A proposal in Springfield would throw campaign contribution limits for candidates out the window when super PACs spend large amounts of money in their campaigns. State Rep. Barbara Flynn Currie (D-Chicago, pictured) says there’s no other choice given the political realities following the federal Personal PAC decision. She says candidates would be fighting with one hand tied behind their backs. That’s because super PACs can raise and spend unlimited amounts of money and saturate the media with negative ads while a candidate is too restricted to fight back.
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“We are trying to make sure candidates have a level playing field,” Currie says. “I don’t want to cede our democracy to the deepest pockets and the ones that have particular agendas that may not be the best for all the people of the state of Illinois.” She says if she had her way there would be no super PACs or a need for this proposal. But it’s making the best of a bad situation. “I’m not on the Supreme Court. It wasn’t my decision and until that decision is overturned I think we have to deal with the realities on the ground. I think the reality on the ground today in Illinois is the Personal PAC case,” Currie says.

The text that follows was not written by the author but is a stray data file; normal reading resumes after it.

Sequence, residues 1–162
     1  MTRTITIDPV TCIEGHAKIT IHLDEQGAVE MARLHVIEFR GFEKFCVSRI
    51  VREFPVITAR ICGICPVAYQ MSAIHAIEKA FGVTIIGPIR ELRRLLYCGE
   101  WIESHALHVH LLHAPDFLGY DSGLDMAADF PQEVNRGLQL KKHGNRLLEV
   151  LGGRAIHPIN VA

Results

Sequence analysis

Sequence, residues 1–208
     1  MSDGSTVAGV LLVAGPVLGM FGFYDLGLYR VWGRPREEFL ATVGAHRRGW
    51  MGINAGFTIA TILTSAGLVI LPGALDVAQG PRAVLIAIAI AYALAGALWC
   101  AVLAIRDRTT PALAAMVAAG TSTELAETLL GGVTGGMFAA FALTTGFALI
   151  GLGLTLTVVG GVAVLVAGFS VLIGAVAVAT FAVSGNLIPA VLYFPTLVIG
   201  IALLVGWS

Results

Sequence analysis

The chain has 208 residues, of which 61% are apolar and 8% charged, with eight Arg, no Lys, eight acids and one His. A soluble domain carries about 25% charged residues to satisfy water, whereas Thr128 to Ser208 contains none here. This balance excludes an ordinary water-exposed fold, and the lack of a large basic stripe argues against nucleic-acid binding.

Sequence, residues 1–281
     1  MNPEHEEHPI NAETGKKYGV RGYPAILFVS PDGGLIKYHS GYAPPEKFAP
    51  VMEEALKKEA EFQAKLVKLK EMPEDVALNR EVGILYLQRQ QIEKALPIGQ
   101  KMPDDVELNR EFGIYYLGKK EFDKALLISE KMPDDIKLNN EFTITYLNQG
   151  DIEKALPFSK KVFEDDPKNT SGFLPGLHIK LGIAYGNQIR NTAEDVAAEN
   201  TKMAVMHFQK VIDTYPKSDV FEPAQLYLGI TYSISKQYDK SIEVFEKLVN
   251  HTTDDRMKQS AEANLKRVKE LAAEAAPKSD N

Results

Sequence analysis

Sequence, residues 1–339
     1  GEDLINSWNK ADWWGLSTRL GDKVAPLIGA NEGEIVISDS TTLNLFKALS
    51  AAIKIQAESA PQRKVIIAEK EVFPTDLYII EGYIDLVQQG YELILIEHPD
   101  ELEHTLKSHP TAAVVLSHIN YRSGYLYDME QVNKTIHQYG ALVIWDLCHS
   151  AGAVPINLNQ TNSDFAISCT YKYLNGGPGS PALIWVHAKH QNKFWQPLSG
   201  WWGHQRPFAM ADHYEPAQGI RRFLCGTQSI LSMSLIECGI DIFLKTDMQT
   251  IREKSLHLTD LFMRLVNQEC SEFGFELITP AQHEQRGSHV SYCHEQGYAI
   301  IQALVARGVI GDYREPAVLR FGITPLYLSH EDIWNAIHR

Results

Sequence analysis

The proposal would end contribution limits for candidates when a super PAC spends more than $250,000 in a statewide election or $100,000 in all others. The federal court, in Personal PAC vs. McGuffage, in March legalized super PACs in Illinois. That means the pro-choice PAC can raise unlimited amounts of money from almost whomever, including direct contributions from unions and corporations, and spend unlimited amounts for or against candidates so long as they don’t coordinate with a candidate’s campaign. It stems from the US Supreme Court Citizens’ United decision. Critics say those decisions give special interests an unreasonable amount of influence.
David Morrison, deputy director of the Illinois Campaign for Political Reform, said in a statement that the proposal creates a loophole in the contribution limits law. “It is deeply discouraging to see this proposal today. It would build a bypass within the limits system and recreate a process where corruption could flourish,” Morrison says. The contribution limits law already waives the limits when a wealthy candidate spends above a threshold using personal money. If the House passes the proposal, it will go to the governor.